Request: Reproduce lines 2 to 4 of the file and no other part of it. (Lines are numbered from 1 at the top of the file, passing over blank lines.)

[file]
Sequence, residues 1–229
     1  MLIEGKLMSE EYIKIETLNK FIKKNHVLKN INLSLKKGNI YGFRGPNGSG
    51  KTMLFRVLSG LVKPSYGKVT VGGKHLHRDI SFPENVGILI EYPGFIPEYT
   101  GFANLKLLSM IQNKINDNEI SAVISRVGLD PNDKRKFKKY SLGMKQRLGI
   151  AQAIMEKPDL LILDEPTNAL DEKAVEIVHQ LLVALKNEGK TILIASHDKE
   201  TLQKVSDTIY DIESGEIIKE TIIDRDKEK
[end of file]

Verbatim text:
     1  MLIEGKLMSE EYIKIETLNK FIKKNHVLKN INLSLKKGNI YGFRGPNGSG
    51  KTMLFRVLSG LVKPSYGKVT VGGKHLHRDI SFPENVGILI EYPGFIPEYT
   101  GFANLKLLSM IQNKINDNEI SAVISRVGLD PNDKRKFKKY SLGMKQRLGI